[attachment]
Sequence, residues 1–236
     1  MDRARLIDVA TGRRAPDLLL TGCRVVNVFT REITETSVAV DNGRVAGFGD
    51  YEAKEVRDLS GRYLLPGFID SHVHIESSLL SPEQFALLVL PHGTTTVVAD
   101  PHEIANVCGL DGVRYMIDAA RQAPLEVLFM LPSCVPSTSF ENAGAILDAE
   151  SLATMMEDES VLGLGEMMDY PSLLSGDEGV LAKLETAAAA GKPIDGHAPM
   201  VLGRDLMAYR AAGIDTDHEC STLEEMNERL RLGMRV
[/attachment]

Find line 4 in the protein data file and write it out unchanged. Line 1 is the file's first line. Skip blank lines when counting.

   101  PHEIANVCGL DGVRYMIDAA RQAPLEVLFM LPSCVPSTSF ENAGAILDAE